He didn’t care about the job — he cared that he had the job. He brought his own colorful Talavera coffee mug to work. It had two words painted on it: el jefe. Yeah, the employees all got the message. The beaner was calling himself their boss. But what they didn’t know, of course, was that “jefe” was slang for “father,” and if he was anything, Big Angel was the father and patriarch of the entire clan. The All-Father, Mexican Odin.
And, by the way (bi de guey), the de La Cruz family has been around here since before your grandparents were even born.
The entire history of his family, the world itself, the solar system and galaxy, swirled around him now in weird silence, and he felt blood dribble down inside his body and the clock, the clock, chipped away at his existence.
His bosses could never have known that he was one of many fathers who had walked these territories. His grandfather Don Segundo had come to California after the Mexican Revolution, crossing the border in Sonora on a famous bay stallion called El Tuerto because he had lost one eye to a sniper. He carried his wounded wife into Yuma for help from gringo surgeons. Stayed in a burning-hot adobe close enough to the territorial prison so a person could smell it and hear the shouts from its cells. Segundo then stole a wagon and brought his wife all the way to California to try to enlist in World War I as a U.S. soldier. He had learned to kill while fighting General Huerta, and he was good at his job. And he had come to hate Germans because of the military advisors from Bavaria he’d seen with their ugly spiked helmets, teaching Porfirio Díaz’s troops to use air-cooled machine guns on Yaqui villagers.
Dad had told him the story a hundred times.
When the United States denied Granddad’s request to serve, he stayed in Los Angeles. Big Angel’s father, Antonio, was five. He wasn’t allowed to swim in the public pool in East L.A. because his skin was too brown. But he learned English and learned to love baseball. The de La Cruz family became Mexican again when they went back south in the great wave of deportations of 1932, joining two million mestizos rounded up and sent across the line in boxcars. The United States had apparently grown weary of hunting down and deporting Chinese people for the moment.
What. Time. Is it? When are we leaving? Is Perla dressed yet?
He held his hands to his head. The entire history of his family, the world itself, the solar system and galaxy, swirled around him now in weird silence, and he felt blood dribble down inside his body and the clock, the clock, chipped away at his existence.
“Can we leave now?” he asked. But he could not hear his own voice. “Are we ready yet? Anybody?”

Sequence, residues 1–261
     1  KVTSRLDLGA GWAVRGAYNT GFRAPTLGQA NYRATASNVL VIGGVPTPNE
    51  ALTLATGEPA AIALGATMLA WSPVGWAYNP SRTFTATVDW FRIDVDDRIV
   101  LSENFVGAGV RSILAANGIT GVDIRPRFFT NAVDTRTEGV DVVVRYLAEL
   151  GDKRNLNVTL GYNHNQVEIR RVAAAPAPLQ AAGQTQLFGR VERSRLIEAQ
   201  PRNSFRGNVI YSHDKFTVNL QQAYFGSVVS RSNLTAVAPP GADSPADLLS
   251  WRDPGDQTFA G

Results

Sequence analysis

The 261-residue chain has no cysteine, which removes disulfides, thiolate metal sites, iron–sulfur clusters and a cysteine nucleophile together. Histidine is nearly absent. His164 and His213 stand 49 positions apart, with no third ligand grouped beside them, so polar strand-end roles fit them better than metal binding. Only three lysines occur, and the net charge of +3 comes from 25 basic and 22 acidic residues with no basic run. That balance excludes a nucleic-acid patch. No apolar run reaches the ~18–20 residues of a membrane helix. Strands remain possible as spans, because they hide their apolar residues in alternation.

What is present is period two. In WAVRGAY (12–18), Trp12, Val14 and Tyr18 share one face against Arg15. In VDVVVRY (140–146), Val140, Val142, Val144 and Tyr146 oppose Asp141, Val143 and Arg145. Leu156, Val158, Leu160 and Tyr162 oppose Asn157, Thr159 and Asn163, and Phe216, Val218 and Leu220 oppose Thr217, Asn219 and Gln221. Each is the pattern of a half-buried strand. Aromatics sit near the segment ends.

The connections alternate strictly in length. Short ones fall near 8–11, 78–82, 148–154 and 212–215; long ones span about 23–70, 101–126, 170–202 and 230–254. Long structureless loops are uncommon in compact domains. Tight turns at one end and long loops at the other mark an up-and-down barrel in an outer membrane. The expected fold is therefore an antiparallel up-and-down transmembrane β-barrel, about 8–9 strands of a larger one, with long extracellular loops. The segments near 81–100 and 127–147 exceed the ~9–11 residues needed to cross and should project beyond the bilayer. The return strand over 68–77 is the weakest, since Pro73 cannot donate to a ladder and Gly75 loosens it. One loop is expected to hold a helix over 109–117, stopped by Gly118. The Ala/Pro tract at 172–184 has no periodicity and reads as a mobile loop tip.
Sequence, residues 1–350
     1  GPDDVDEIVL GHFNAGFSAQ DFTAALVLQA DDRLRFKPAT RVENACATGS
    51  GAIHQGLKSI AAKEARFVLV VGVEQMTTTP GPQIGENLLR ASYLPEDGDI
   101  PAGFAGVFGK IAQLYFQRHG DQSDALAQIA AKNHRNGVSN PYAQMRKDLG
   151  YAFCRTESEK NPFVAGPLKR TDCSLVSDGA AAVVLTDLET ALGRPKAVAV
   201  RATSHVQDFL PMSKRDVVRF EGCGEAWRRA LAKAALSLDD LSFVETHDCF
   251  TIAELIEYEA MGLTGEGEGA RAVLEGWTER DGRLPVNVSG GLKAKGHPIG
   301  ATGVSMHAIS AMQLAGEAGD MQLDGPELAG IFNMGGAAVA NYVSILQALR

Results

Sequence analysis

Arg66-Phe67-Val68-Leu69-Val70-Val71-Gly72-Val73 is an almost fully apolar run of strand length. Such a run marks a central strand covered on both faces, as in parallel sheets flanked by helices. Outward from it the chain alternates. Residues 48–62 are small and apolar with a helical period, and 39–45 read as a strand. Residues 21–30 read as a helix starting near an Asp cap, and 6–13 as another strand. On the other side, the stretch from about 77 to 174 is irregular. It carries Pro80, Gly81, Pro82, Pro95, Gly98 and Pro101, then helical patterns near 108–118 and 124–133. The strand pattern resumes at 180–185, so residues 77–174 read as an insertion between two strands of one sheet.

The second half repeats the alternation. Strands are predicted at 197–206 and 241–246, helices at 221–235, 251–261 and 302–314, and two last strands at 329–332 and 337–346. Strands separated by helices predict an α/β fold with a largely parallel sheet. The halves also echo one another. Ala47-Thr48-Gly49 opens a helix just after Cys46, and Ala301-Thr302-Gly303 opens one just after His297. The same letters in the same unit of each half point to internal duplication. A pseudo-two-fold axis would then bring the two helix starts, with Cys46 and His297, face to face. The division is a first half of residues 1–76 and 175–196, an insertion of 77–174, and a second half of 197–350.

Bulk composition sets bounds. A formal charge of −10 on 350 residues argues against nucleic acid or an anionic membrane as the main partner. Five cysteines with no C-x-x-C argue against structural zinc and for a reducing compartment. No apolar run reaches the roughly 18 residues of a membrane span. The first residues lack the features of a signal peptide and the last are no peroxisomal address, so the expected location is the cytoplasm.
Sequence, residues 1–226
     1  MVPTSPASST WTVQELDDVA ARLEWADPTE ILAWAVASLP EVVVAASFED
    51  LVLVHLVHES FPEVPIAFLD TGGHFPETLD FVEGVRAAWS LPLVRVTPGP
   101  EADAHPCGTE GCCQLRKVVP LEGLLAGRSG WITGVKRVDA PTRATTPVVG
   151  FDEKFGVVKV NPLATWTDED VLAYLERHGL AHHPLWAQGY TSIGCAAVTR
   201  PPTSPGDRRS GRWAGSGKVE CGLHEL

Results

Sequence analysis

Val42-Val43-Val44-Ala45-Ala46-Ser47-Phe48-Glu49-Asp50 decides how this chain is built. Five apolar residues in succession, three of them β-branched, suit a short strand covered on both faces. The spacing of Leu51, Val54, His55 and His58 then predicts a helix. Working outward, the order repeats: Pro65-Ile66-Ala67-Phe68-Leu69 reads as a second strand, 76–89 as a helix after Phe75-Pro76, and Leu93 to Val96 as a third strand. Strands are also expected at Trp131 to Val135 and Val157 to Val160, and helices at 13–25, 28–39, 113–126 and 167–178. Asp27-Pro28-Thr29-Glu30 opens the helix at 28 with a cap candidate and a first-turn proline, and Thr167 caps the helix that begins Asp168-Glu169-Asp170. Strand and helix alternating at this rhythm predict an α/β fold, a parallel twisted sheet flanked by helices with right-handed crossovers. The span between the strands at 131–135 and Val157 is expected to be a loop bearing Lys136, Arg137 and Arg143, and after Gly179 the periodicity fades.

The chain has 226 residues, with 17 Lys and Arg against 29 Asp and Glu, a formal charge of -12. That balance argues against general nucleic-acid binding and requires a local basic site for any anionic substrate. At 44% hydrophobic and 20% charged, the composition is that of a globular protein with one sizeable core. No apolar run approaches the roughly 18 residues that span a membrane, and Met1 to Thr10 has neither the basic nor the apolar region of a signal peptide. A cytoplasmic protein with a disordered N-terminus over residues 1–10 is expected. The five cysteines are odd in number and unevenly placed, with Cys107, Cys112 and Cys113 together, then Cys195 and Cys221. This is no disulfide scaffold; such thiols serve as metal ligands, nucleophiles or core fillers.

But nobody was listening.
A week earlier, Big Angel’s arrival at his mother’s deathbed was the most heroic thing his wife had ever seen. This, after a lifetime of watching her Flaco be a hero. And the old woman refused to accept it. Perla didn’t like that old witch. But dying, well, that earned her several points.
She knew how much the day had cost him. She could envision him walking back through all their history to be his mother’s child one last time.
He didn’t talk to Perla about La Paz much. He was broody by nature except when he was overtaken by good moods. Or feeling naughty. She still blushed at the memories after half a century. Oh, the things he did with her. Until he got sick.
Even when he brooded, she knew when he was thinking about La Paz and his father and all the things that had happened back there. He just hung his head and stared at the floor. Now that he didn’t smoke anymore, he drank many cups of black instant coffee and thought. And ate too many sweets.
Her thoughts were not of La Paz but of coming north. It was the biggest decision she had ever made, and she relived that terrifying moment almost every day. It wasn’t the trip that had been terrifying, or the destination. Rather, she had known that with this one step she would join her fortunes to his. Forever. Risking everything. A romantic choice, yes, but also one that could have left her with nothing.
She didn’t understand why her Angel had taken to calling her his “Perla of Great Price” when everyone in La Paz saw her as damaged goods, another silly girl used and forgotten by a man whose name she chose not to remember.
She was already the mother of two fatherless boys. She didn’t understand why her Angel had taken to calling her his “Perla of Great Price” when everyone in La Paz saw her as damaged goods, another silly girl used and forgotten by a man whose name she chose not to remember. She wanted to believe what Angel said, and yet she feared it was no more than his nature. She saw how he charmed — and was charmed by — other women, and she was frantic to keep him from their beds. She wasn’t always sure what was real. Only that she needed to be with him. There would be no going back home after this decision.
She and the boys headed north before there was a modern highway. Her bigger boy, Yndio, was a toddler, and Braulio was only a baby. It was one long bus ride that cost all the money she had. Rough roads, sometimes over dirt and boulders. The stops were at terrible taco shacks with outhouses, or gas stations with drooling, stinking toilets much worse than outhouses. The people aboard the bus had brought their own food. She had carried a kilo of tortillas, a clay jug of water, and goat cheese. Four days riding.